CCMC to reopen next week-A A +A
Wednesday, October 30, 2013
FROM a 300-bed hospital, the Cebu City Medical Center (CCMC) will have only 60 beds when it starts accepting patients for admission next week at its temporary facility at the Bureau of Fire Protection (BFP) building on N. Bacalso Ave.
Patients who cannot be accommodated at the BFP building will have to be referred to the barangay health centers, the Vicente Sotto Memorial Medical Center (VSMMC) or private hospitals using the City Government’s cash assistance, said CCMC Chief Dr. Gloria Duterte.
As they deal with the limited space and the poor condition of their facilities, hospital officials face yet another threat, this time the disconnection of their power and water supply.
In an Oct. 25 letter to City Hall, BFP 7 Director Ma. Luisa Hadjula said CCMC should secure separate water and power meters as the BFP does not want to shoulder the hospital’s utility bills.
Hadjula said in her one-page letter that the existing water and power connection to the BFP building will be cut off on Friday.
BFP 7 continues to occupy some rooms in the building. Its officials told City Hall earlier that they will not surrender the entire building to the City Government.
Duterte said CCMC has addressed the matter. “We already talked to BFP's electrical engineer and we have agreed that we will pay for our own consumption and they will pay for theirs,” she added.
BFP personnel removed electrical switches, outlets, fuse boxes, toilet bowls, sinks, lights and other fixtures in rooms that the agency gave up for the city hospital.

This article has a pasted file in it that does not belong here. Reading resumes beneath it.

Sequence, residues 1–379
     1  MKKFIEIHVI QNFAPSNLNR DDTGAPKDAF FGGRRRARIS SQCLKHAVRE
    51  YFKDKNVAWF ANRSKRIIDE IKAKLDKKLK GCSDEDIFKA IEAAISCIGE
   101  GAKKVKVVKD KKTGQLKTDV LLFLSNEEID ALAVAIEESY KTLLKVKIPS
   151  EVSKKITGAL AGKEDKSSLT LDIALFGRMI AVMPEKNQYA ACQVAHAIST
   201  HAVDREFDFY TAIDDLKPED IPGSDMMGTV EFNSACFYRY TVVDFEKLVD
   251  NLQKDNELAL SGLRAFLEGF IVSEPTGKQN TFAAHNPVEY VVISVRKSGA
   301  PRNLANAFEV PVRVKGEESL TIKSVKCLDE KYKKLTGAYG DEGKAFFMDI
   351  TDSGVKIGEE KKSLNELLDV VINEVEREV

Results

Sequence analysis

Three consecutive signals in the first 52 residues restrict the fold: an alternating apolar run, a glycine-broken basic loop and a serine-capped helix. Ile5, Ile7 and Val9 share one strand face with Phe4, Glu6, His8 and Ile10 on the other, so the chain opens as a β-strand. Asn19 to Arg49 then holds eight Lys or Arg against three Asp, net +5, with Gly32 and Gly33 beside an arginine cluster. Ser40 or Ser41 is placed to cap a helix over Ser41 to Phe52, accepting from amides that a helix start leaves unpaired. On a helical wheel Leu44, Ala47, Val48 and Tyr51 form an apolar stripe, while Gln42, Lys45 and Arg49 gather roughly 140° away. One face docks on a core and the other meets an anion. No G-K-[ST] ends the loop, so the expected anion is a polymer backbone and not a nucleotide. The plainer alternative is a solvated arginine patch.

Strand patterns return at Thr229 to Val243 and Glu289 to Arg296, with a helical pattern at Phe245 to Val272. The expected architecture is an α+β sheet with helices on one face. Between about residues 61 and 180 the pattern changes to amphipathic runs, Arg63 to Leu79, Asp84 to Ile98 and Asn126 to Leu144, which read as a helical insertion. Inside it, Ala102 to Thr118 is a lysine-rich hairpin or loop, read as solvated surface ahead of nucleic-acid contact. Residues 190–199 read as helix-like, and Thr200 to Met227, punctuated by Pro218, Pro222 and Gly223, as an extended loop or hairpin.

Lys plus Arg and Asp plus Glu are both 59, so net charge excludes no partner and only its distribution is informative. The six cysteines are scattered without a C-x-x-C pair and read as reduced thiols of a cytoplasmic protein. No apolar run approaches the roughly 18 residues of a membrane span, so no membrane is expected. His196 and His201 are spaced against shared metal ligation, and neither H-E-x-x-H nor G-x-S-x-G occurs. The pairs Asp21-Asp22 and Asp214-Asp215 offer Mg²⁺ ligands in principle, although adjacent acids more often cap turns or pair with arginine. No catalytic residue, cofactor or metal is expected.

Despite this, Duterte said they hope to finish setting up the wards after the holidays next week and start accepting patients for admission soon after.
For now, only emergency cases are accepted at the CCMC.
Only the emergency room and out-patient department have been operating since Oct. 15, when a 7.2 magnitude earthquake damaged the CCMC building, located across the BFP building, and forced its staff ad patients to evacuate.
The building has been condemned since then due to structural defects.
“Our challenge now is to maintain our level three accreditation as a training hospital…and of course, to be able to give the best possible medical care to our patients, despite the circumstances,” Duterte told Sun.Star Cebu.
Because there is limited space, hospital equipment cannot be set up yet.
Hospital beds are also in open-air areas on the ground floor of the BFP building.
At the makeshift operating room where emergency cases are treated, thin curtains give the patients a semblance of privacy.
There are only four toilets available for the patients, their watchers, doctors and hospital staff, since the BFP removed the toilet bowls and sinks from the rest rooms on the second floor.
“It’s really not a proper hospital setting but we are doing our best to give our patients the hospital services that they need. Our services are affected by the circumstances but we are doing everything we can to help the patients,” said Dr. Ryan Cabahug, a CCMC medical officer.
To fast track the setting up of the wards, nurses and other hospital staff have been helping the maintenance department in doing carpentry and paint work.
The wards for pediatrics, obstetrics and surgery will each have 10 beds, while the medical ward will have 15 beds.
The intensive care unit will have two beds while the surgical intensive care unit will have only one bed.
Cabahug said that even if other patients will not be accommodated for admission, they can still avail themselves of free hospital services like laboratory tests and x-ray.
Yesterday, 72-year-old Loreta Taneza, who was suffering from asthma, occupied one of the beds in the open-air area of the BFP building that used to house firetrucks.
She and her watchers did not mind the situation in the facility, despite the limited space.
Her daughter-in-law, Norvena, appealed to Cebu City officials to fast track the construction of a new hospital so it can accommodate more patients.
“This situation should not be allowed to continue for long. This place will become chaotic when more patients arrive. They should build a new hospital fast because indigent patients like us have nowhere to go,” she said in Cebuano.
Published in the Sun.Star Cebu newspaper on October 30, 2013.